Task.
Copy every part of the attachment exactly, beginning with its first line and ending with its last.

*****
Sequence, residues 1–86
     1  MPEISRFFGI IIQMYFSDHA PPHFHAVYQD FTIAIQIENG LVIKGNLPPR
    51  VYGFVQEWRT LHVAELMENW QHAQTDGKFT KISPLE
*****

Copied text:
Sequence, residues 1–86
     1  MPEISRFFGI IIQMYFSDHA PPHFHAVYQD FTIAIQIENG LVIKGNLPPR
    51  VYGFVQEWRT LHVAELMENW QHAQTDGKFT KISPLE